In the series, directed by Park Chan-wook, Charlie is drawn into a Mossad plot to take down a band of Palestinian brothers, whose bombing skills cause their opposite number, Kurtz, played by Michael Shannon, to call them “artists”. Charlie’s combination of exuberance, impassioned political naivety and acting ability leads her into an elaborate piece of real-life theatre designed to draw out the Palestinian brothers from hiding. The character meant a huge amount to le Carré, who based her on his own half-sister, Charlotte Cornwell.
“Charlie has that hunger that I think a lot of people have now. Everybody has woken up a bit,” says Pugh. “We are dealing with a really sensitive topic in a really wonderful way because she is this sponge, this dummy, who doesn’t know how it works. We learn alongside her. She is a novice in this world, whereas we are more used to seeing characters that are brilliant or have super powers. I loved watching this human person crumble in a very human way.”
At 22, Pugh is on the rise and rise. She has been filming Little Women, directed by Greta Gerwig, alongside Meryl Streep, Saoirse Ronan, Laura Dern and Emma Watson.
“Everyone that I have ever looked up to is in it,” she says. “Unbelievable. I am so lucky to be part of this version of a book that has meant so much to so many women. Women talking, women growing, women being – I think the conversation will never get boring. And right now, in the climate where everything is women-forward, I think we are ready for it.”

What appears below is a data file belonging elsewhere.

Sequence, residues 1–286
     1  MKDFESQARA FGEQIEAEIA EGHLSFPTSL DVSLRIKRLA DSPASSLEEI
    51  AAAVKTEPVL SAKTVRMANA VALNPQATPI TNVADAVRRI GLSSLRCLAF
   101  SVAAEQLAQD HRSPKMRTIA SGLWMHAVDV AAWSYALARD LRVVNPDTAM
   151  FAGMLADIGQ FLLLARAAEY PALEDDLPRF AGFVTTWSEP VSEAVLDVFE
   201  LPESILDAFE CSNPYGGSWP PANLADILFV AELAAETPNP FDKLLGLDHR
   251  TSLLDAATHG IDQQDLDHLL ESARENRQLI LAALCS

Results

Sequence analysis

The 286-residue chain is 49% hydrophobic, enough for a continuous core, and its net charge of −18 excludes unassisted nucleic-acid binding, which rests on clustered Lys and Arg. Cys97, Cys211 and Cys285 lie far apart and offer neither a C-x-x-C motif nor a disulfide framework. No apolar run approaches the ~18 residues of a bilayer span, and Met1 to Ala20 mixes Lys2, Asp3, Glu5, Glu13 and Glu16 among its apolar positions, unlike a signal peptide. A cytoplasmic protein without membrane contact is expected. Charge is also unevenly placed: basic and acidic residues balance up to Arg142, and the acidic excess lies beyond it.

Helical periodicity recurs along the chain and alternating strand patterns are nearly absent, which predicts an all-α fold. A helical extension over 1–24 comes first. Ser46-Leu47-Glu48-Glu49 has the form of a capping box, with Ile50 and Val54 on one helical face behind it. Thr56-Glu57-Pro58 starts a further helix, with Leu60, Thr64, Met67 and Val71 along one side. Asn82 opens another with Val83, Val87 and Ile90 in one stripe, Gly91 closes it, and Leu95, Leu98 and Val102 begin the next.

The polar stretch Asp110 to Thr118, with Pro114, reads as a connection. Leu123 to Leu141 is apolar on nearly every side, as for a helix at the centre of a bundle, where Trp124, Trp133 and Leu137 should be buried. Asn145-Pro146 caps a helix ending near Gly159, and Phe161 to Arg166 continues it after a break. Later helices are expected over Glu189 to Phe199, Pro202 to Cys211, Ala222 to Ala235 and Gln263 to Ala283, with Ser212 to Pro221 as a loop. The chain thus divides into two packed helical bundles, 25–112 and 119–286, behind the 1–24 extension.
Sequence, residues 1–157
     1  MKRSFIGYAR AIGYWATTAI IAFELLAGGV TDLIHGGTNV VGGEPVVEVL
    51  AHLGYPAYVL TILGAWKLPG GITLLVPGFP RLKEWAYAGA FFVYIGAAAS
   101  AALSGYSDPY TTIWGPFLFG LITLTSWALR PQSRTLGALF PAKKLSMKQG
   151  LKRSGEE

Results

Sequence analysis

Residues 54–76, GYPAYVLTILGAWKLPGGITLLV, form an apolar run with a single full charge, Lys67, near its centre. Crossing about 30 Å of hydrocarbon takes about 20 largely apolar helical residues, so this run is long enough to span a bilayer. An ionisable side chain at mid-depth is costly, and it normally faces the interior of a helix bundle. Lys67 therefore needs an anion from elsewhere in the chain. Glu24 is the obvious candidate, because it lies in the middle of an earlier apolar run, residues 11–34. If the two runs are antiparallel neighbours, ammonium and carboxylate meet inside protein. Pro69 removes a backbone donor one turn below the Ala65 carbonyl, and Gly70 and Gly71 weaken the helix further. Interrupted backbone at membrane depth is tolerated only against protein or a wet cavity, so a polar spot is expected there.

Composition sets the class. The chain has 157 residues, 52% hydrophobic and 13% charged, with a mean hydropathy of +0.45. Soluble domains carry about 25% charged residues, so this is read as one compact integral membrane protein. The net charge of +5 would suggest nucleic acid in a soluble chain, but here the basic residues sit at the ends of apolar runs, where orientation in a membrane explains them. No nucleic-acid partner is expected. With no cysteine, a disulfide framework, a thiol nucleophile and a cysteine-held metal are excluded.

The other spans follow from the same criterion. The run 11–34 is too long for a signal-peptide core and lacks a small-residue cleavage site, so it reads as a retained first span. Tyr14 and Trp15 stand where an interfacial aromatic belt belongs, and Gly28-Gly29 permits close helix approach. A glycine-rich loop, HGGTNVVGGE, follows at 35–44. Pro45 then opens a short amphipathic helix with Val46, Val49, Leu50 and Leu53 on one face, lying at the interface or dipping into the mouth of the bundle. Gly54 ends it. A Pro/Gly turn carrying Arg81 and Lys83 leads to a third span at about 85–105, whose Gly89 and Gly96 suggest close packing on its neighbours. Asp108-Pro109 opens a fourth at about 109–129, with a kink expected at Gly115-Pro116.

At 87, John le Carré has never been hotter. And no wonder. His elaborate, complex espionage fictions are no stranger than true-life tales of Russian tourists making flying visits to Salisbury Cathedral on the day a former double agent is poisoned. The theatre of the real in The Little Drummer Girl, masterminded by Kurtz, sheds a light on 1970s technology and methods. Assuming alternative identities, travelling incognito, playing out deadly deceptions across borders, sans frontières.
Michael Shannon gives an astonishing performance as a child Holocaust survivor-turned-spymaster. He was, he says, no fan of le Carré’s work before this. “Zero. No. I had never read any of his books. It is just not something that is part of my life. And now? Well, I did it. And then I moved on. It is not like I am going to buy all his novels. The closest I got to espionage was the occasional James Bond picture, which seems a little less sophisticated. No offence, Ian Fleming.”